A library reflects the communities and the cultures in which it operates, and library collections and programs reflect the reading tastes, the history and the priorities of the residents.
Open for all? offers a “think piece“ rather than an intellectual analysis. Columnist John Pateman shares his personal observations on issues and his columns are designed to promote discussion and professional debate. He has arrived at his conclusions after 40 years of working in public libraries of/in all types and locations.
Every time something bad happens (and it doesn’t get much worse than the recent mass killing in New Zealand), there is a knee-jerk reaction to restrict access to the internet and social media. The stated concern is that the perpetrators of atrocities will seek to spread their message of hate and division via Facebook and other online platforms. However, when bad things happen, we should become even more open rather than follow the normal but very human response of condemnation and then of censorship. And public libraries should lead the way.
There is an understandable rush to deny these ‘terrorists” the oxygen of publicity after an act of violence, but I think that this denial can lead to some very perverse outcomes. Driving “bad” people underground is likely only to confirm their suspicion that there is a conspiracy against them. They are already angry and paranoid; banning their opinions will just feed this anger and paranoia. Denying extremists platforms to air their views also removes the opportunity for open debate, alternative perspectives, and correcting falsehoods and misinformation.
Censorship is highly problematic (if not ineffective), and as library professionals, we should be in the forefront of challenging any restrictions to freedom of information and to freedom of expression. Our professional values position librarians as the defenders of unfettered access to information, but we break this basic ethic in so many everyday ways. We routinely filter our public internet stations, effectively creating a two-tier system of open access for those community members who have the internet at home and limited access for the have-nots, who must rely on what the public library provides.
Public libraries also have policies on who can book meeting spaces, put information on notice boards and use library websites. “Hate groups” are routinely denied access to these channels despite our declarations that we are open to all. By denying this access, we become part of the problem and help to fuel conspiracy theories that the “government” or the “establishment” is out to get people. Our much-cherished neutrality is exposed as a myth. Instead of banning these groups, we should invite them into the public library. Like the forum in ancient Rome, we should be the public square where all and any views are welcomed. We might not like what the group members have to say, but we should defend to our last professional breath their right to say it, no matter how unpalatable it might be.
The media in the U.S.A. and the U.K. are obsessed over the populism that carried Donald Trump and Brexit to victory. The media outlets don’t seem to accept that the people have spoken. Some pundits have even commented that the people are “too dumb for democracy.” Not only is this idea elitist, condescending, patronizing and classist but it completely misses the point. When working-class people are ignored and neglected for too long, they will eventually push back. They will rebel against the consent manufactured by the middle-class media and the political establishment. Given the lack of critical thinking education in schools, the people will listen to the loudest and simplest argument, whether it’s “build the wall” or “leave the EIU.” It is telling that the day after the E.U. referendum, the two most frequent internet searches in the U.K. were “What is the E.U.?” and ‘“What is Brexit?”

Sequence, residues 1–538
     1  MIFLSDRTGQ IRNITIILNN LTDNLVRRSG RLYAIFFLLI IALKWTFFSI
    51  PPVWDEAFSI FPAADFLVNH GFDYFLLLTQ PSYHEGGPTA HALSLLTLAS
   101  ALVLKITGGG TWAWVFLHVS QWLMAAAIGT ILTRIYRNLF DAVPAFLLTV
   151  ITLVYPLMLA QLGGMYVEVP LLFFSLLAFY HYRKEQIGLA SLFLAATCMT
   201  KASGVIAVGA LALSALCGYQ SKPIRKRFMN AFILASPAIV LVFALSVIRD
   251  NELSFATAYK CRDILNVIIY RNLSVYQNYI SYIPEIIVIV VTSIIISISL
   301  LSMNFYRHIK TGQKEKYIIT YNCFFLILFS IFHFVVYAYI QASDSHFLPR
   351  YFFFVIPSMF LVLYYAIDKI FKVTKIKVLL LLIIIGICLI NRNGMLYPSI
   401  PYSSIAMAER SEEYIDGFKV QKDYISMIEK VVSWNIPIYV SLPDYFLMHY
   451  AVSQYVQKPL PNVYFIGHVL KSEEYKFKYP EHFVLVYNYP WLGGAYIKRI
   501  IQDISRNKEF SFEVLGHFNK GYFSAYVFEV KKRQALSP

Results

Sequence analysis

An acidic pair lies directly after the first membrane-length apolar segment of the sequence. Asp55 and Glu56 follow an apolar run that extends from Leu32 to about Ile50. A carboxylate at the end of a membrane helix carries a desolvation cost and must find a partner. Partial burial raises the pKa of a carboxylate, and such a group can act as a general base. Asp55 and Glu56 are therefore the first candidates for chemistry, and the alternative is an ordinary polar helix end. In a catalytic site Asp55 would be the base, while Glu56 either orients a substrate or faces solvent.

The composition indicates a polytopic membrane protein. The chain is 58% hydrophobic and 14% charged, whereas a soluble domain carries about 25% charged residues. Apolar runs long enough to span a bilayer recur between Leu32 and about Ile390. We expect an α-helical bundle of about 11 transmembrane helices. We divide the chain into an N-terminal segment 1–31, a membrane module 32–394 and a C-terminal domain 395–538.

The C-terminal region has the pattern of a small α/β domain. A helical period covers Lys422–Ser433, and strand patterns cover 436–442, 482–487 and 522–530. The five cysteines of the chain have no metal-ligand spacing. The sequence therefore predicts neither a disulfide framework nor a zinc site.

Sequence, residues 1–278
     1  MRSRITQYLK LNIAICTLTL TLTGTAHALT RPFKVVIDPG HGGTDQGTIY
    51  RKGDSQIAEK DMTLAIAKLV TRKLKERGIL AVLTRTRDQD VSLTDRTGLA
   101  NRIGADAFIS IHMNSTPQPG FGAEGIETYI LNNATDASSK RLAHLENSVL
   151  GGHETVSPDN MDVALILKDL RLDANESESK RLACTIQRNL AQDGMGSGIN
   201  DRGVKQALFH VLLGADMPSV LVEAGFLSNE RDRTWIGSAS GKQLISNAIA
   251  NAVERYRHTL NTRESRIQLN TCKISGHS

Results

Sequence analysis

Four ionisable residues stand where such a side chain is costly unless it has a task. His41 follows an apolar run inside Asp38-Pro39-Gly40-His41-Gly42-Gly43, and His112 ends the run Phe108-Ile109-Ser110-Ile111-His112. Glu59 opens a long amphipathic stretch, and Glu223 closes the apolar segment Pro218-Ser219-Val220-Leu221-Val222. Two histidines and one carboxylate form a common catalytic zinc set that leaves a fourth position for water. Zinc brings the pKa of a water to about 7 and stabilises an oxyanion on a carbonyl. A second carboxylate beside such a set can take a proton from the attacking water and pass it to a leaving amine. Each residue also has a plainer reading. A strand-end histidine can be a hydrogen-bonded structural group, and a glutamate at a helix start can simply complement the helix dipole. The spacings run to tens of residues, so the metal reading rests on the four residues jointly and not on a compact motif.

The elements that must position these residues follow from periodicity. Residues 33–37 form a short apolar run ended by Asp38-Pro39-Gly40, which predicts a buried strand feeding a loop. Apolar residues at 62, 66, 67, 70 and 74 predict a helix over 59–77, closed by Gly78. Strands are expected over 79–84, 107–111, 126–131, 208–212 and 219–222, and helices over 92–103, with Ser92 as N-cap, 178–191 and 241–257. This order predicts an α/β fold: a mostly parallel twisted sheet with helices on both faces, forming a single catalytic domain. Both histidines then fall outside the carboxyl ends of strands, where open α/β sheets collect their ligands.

Not only did the British people not fully understand what they were voting for (and the consequences of the outcome) but they were fed downright lies by those people who sought to divide and rule in the name of democracy. This circumstance would have been a great opportunity for public libraries to organize public debates on the E.U. and to invite speakers from both sides of the divide. Book displays and basic information could have been provided so that people could listen to both arguments, read up on the fact-based advantages and disadvantages of each option and make an informed decision.
There is a great line from the soon-to-be-released movie The public, which is set in an inner-city-U.S.A. public library that becomes a champion for the homeless: “The public library is the last bastion of democracy in America.” For this statement to become a reality, we have to walk the talk. Democratic public space is at a premium in our increasingly commercialized, consumerized and commodified society. People do not have to have money or an education or a reason to use the public library. It belongs to everyone. The public library has a unique selling point in providing this space. We should be making full use of this advantage.
John Pateman is the CEO of the Thunder Bay Public Library. He is also the author of the Open for All? column in Open Shelf.